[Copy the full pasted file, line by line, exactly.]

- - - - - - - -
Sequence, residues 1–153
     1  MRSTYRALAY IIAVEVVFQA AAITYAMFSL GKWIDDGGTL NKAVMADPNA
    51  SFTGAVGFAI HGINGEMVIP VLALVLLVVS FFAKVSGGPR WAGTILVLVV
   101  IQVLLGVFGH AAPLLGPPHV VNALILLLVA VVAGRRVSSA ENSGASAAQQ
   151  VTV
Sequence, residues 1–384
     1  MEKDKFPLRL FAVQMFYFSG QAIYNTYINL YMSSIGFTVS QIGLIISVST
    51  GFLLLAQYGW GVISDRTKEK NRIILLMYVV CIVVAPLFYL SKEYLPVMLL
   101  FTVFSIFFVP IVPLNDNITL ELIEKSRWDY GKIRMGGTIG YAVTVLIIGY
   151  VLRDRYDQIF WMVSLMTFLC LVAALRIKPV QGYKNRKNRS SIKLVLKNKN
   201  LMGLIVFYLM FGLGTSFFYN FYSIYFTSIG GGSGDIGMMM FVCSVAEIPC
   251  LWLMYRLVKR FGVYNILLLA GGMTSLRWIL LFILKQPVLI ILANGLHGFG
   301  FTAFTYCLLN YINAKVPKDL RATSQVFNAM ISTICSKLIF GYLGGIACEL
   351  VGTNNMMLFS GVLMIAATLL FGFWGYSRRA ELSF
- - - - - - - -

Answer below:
Sequence, residues 1–153
     1  MRSTYRALAY IIAVEVVFQA AAITYAMFSL GKWIDDGGTL NKAVMADPNA
    51  SFTGAVGFAI HGINGEMVIP VLALVLLVVS FFAKVSGGPR WAGTILVLVV
   101  IQVLLGVFGH AAPLLGPPHV VNALILLLVA VVAGRRVSSA ENSGASAAQQ
   151  VTV
Sequence, residues 1–384
     1  MEKDKFPLRL FAVQMFYFSG QAIYNTYINL YMSSIGFTVS QIGLIISVST
    51  GFLLLAQYGW GVISDRTKEK NRIILLMYVV CIVVAPLFYL SKEYLPVMLL
   101  FTVFSIFFVP IVPLNDNITL ELIEKSRWDY GKIRMGGTIG YAVTVLIIGY
   151  VLRDRYDQIF WMVSLMTFLC LVAALRIKPV QGYKNRKNRS SIKLVLKNKN
   201  LMGLIVFYLM FGLGTSFFYN FYSIYFTSIG GGSGDIGMMM FVCSVAEIPC
   251  LWLMYRLVKR FGVYNILLLA GGMTSLRWIL LFILKQPVLI ILANGLHGFG
   301  FTAFTYCLLN YINAKVPKDL RATSQVFNAM ISTICSKLIF GYLGGIACEL
   351  VGTNNMMLFS GVLMIAATLL FGFWGYSRRA ELSF